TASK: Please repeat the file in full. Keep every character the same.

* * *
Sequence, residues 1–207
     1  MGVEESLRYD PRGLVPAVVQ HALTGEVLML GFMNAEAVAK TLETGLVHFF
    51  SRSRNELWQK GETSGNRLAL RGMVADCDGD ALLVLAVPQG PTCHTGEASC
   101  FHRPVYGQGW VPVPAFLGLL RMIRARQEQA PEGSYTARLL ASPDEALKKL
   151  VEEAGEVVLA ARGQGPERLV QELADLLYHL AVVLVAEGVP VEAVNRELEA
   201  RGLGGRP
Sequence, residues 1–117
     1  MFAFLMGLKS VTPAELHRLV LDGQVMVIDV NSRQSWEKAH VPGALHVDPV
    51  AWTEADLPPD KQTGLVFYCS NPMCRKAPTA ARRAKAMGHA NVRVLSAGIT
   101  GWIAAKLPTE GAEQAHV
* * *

Sequence, residues 1–207
     1  MGVEESLRYD PRGLVPAVVQ HALTGEVLML GFMNAEAVAK TLETGLVHFF
    51  SRSRNELWQK GETSGNRLAL RGMVADCDGD ALLVLAVPQG PTCHTGEASC
   101  FHRPVYGQGW VPVPAFLGLL RMIRARQEQA PEGSYTARLL ASPDEALKKL
   151  VEEAGEVVLA ARGQGPERLV QELADLLYHL AVVLVAEGVP VEAVNRELEA
   201  RGLGGRP
Sequence, residues 1–117
     1  MFAFLMGLKS VTPAELHRLV LDGQVMVIDV NSRQSWEKAH VPGALHVDPV
    51  AWTEADLPPD KQTGLVFYCS NPMCRKAPTA ARRAKAMGHA NVRVLSAGIT
   101  GWIAAKLPTE GAEQAHV